Here’s what I meant to say. President Barack Obama is adding some nuance to the oft-spoken (and now broken) promise that’s gotten him in so much trouble since the launch of Obamacare on Oct. 1. “If you like it, you can keep it,” the president repeatedly said of people happy with their current insurance plans. Millions of Americans quickly found out that wasn’t true. Last night in Washington, D.C., the president amended his claim: “Now, if you had one of these plans before the Affordable Care Act came into law and you really liked that plan, what we said was you can keep it if it hasn’t changed since the law passed.” The problem is, even really good plans have changed because Obamacare requires all plans to cover services not everyone needs. So, for example, men must pay for maternity benefits and adults for coverage for children, even if they don’t have any. The result? Higher premiums and higher deductibles, which flies in the face of another recent comment the president made: The only people whose plans are changing (or getting dropped) are those “who’ve got cut-rate plans that don’t offer real financial protection in the event of a serious illness or an accident.” But thanks to the new requirements, some people are paying more in premiums and getting higher deductibles, increasing their financial exposure. How is that better?
Art loot. German officials are defending their decision to keep secret the discovery in 2012 of a trove of “degenerate” art confiscated during the Nazi era. The collection, recovered from the Munich apartment of an elderly recluse, includes works by Pablo Picasso and Henri Matisse, among other famous artists. Officials say they kept quiet about the discovery while they tried to determine whether a crime had been committed. “It is by no means easy to find the rightful owners, particularly when we are talking about over 1,400 paintings,” one official said today. The father of the man who had possession of the paintings worked as an art dealer in Nazi Germany. He was ordered to sell seized artwork overseas to help fund Hitler’s war machine. Critics are pressuring the government to publish a full list of the recovered works.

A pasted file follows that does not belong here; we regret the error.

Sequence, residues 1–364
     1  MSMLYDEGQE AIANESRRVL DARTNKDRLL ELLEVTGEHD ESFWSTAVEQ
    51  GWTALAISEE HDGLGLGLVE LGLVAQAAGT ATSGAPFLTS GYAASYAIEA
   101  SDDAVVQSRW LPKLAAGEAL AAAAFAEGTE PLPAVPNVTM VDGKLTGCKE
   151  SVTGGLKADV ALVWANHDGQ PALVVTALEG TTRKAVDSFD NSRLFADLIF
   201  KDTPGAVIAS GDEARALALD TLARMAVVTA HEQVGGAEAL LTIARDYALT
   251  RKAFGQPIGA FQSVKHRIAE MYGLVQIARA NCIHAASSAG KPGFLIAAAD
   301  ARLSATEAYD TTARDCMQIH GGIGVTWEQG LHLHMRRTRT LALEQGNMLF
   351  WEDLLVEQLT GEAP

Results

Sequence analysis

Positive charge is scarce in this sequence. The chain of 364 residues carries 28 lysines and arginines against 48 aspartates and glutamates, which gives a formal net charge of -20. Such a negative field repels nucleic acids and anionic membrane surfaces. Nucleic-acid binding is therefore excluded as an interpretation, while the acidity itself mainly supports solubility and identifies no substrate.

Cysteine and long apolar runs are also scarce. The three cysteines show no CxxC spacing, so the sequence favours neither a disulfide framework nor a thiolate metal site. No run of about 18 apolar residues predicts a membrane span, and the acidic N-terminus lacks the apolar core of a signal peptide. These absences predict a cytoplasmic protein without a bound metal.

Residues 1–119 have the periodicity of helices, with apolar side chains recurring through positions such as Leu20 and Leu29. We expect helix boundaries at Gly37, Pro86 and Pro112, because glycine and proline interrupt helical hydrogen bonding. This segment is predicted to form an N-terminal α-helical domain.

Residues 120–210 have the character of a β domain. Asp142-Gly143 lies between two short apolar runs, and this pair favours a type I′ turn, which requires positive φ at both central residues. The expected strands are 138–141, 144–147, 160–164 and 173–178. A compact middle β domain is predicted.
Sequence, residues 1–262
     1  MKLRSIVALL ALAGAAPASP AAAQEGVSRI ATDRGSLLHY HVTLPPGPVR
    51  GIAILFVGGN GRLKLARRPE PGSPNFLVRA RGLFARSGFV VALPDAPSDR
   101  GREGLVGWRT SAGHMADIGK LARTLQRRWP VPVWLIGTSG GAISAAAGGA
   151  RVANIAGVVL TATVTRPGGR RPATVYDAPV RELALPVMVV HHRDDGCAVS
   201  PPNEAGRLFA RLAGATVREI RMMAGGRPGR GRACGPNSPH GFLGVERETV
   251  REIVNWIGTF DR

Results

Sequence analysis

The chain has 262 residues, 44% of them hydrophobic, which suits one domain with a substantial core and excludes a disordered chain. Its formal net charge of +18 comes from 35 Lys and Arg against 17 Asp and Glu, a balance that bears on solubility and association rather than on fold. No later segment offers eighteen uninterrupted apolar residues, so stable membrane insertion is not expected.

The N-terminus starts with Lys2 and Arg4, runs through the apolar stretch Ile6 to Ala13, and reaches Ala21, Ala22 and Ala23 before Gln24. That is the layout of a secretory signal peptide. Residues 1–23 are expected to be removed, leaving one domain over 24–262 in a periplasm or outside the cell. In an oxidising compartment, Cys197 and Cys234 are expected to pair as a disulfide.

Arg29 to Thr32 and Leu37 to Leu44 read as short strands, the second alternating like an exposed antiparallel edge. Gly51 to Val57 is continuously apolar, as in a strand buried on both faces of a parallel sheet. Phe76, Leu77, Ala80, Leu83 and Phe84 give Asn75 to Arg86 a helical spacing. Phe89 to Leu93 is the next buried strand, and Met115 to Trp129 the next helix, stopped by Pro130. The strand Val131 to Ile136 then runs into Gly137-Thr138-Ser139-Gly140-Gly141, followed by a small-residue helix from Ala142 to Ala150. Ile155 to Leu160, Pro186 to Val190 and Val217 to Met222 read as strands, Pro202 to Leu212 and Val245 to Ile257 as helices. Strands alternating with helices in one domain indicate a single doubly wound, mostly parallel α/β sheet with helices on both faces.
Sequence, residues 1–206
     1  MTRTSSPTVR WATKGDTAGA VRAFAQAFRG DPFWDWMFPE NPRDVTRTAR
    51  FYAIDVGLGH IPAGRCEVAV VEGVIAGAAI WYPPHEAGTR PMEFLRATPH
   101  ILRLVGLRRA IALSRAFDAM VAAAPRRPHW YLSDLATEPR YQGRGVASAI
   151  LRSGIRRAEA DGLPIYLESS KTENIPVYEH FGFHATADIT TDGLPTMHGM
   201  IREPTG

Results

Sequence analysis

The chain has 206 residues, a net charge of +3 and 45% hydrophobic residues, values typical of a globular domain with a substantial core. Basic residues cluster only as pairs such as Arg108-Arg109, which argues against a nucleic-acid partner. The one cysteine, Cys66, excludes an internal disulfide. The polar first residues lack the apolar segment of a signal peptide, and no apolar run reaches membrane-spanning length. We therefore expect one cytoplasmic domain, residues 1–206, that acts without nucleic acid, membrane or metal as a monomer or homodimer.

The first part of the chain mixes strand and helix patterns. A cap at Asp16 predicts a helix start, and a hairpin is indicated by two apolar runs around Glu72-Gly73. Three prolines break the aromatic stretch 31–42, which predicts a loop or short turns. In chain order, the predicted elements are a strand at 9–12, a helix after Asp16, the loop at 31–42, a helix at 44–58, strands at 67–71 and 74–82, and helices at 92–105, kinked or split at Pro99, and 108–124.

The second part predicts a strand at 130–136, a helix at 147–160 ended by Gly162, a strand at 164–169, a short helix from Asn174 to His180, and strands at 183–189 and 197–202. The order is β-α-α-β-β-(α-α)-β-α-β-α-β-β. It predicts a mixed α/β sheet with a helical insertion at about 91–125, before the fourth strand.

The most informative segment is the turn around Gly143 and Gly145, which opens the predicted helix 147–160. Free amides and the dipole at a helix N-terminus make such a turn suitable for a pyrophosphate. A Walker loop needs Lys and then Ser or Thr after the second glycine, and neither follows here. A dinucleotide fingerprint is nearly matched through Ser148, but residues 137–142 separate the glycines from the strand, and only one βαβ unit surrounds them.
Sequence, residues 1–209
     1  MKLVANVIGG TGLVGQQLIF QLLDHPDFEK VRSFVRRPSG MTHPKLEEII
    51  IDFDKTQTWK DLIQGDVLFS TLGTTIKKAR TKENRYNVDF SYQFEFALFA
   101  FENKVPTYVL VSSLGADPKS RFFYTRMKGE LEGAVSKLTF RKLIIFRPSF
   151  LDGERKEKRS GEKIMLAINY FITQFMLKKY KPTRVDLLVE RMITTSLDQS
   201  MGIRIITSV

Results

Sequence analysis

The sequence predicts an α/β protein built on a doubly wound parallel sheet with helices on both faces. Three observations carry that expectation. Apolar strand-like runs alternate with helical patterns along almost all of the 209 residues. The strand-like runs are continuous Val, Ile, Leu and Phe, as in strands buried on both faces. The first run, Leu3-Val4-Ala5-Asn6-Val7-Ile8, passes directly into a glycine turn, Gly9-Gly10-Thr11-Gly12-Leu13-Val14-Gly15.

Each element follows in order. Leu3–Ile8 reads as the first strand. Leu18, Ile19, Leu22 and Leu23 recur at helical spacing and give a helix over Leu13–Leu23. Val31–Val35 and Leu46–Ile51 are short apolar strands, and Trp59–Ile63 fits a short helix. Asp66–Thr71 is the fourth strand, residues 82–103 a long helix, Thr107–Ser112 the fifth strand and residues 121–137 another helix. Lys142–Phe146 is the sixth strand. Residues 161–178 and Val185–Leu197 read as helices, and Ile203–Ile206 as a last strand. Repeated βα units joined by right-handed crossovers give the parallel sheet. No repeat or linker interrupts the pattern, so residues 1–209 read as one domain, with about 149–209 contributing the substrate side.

Martian mission. India launched a rocket headed for Mars today, making it the first Asian country to join the Martian space race. America, Russia, and Europe have already completed excursions to the Red Planet. The satellite, which will take about 300 days to reach its orbit, will measure atmospheric methane levels, which could indicate some form of microbial life on the planet. It also will try to gain insights into the planet’s history by looking at the loss rate of atmospheric gasses. Critics have questioned whether India should have spent $75 million on the mission, considering the country has one of the highest rankings for child malnutrition in the world.
These are adults? This story out of the National Football League is hard to believe, mostly because it involves grown men and not members of a college fraternity. The Miami Dolphins have suspended lineman Richie Incognito over evidence he bullied another player. Jonathan Martin, another lineman, left the team last week, but not before handing over voicemails Incognito left him. In the messages, Incognito used racial slurs and threats of violence. And evidently, this is just an extreme example of the kind of hazing many first- and second-year players face. Former Dolphins linebacker Channing Crowder told Piers Morgan Live that players must establish a pecking order and described players as “a bunch of testosterone-filled alpha males who are trying to find their place on the totem pole.” Indeed. So much for that whole teamwork thing.